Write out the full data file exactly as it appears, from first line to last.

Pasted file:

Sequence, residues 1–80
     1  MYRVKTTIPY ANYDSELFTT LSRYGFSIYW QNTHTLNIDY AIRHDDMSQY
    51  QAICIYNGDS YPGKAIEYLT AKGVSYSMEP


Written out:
Sequence, residues 1–80
     1  MYRVKTTIPY ANYDSELFTT LSRYGFSIYW QNTHTLNIDY AIRHDDMSQY
    51  QAICIYNGDS YPGKAIEYLT AKGVSYSMEP